2airishuman, nohappy, Ayisha and 2 others like this.
  3. Storker

    Storker Divemaster

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    @Dr Simon Mitchell 's post above also explains why it's a good idea to do a safety stop, even if the reduction in DCS risk is minor. Although we - AFAIK - don't have hard evidence that asymptomatic bubbles (AGE) are associated with post-dive lethargy, it's both very likely and quite plausible. If we believe that, both a proper safety stop and a slow ascent from that safety top is very good practice. Even if it won't reduce the DCS risk measurably, it may reduce the risk of falling asleep at the wheel on your way home :)
     
  4. bada3003

    bada3003 Solo Diver

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    1 fpm sounds about right. If conditions allow. :)
     
  5. bada3003

    bada3003 Solo Diver

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    Indeed. Another good practice, IMO, is to do a "how do I feel" check at the completion of deco. It's obviously subjective but in my case the symptom is heaviness in my head such as what one may experience before the onset of a headache. If so, I try to tag on 10-15 minutes of additional deco at 10 ft. If conditions allow.

    In the times I've ignored it, I've suffered the consequences, mainly in the form of extreme lethargy. Whether this is a weak form of DCS I do not know. The physiological mechanisms of DCS are not well understood and that's not likely to change in the forseeable future. Be conservative and stay safe.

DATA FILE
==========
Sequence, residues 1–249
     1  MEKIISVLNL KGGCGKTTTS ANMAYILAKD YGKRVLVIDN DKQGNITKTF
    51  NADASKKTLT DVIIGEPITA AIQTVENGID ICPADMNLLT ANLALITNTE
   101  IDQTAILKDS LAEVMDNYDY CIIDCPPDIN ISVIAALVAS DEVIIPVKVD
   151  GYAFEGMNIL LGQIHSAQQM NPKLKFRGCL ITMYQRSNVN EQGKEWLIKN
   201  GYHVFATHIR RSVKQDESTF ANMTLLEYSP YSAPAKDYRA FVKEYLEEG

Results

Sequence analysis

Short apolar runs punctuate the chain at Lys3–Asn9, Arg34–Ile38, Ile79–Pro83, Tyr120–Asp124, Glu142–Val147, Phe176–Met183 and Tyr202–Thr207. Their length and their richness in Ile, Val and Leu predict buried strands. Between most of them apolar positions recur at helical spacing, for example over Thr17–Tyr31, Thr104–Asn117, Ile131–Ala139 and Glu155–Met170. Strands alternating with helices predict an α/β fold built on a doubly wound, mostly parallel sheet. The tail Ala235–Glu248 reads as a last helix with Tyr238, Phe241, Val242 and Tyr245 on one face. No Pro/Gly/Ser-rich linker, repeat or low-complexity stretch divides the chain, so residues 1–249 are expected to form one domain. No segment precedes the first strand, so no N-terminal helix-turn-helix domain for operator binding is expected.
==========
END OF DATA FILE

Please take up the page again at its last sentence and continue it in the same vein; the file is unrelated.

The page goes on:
6. Kharon

    Kharon Solo Diver

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    I thought it was advised to go straight up from depth at a proper ascent rate to the safety stop depth. This is to prevent further ongassing of the slow compartments. What say you tbone1004?
     
    Bob DBF likes this.
  7. Wookie

    Wookie Secret Field Agent ScubaBoard Business Sponsor

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    I stole this from @RayfromTX who stole it from @MaxBottomtime. It seemed appropriate to the discussion.
     
    nohappy, doctormike and RainPilot like this.
  8. RayfromTX

    RayfromTX Student Of Gas Mixology Staff Member ScubaBoard Sponsor

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    To me it seems appropriate to every discussion.

    I'll soon add part two of the signature line which is. "nobody wins an argument on scubaboard"
     
    RainPilot, nohappy and Wookie like this.
  9. tbone1004

    tbone1004 ScubaBoard Supporter ScubaBoard Supporter

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    depends on their definition of "gradually" and what you're doing. If you're doing square profile, ocean diving, i.e. on a wreck with an upline, and there is nothing to see between the bottom and the hang line, then go up at 30fpm ish and chill out. If you're doing a shore dive and there's fun stuff to look at, then just go up at whatever rate you want to to keep looking at the pretty fish
     
    Dr Simon Mitchell likes this.
  10. Storker

    Storker Divemaster

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    xkcd: Duty Calls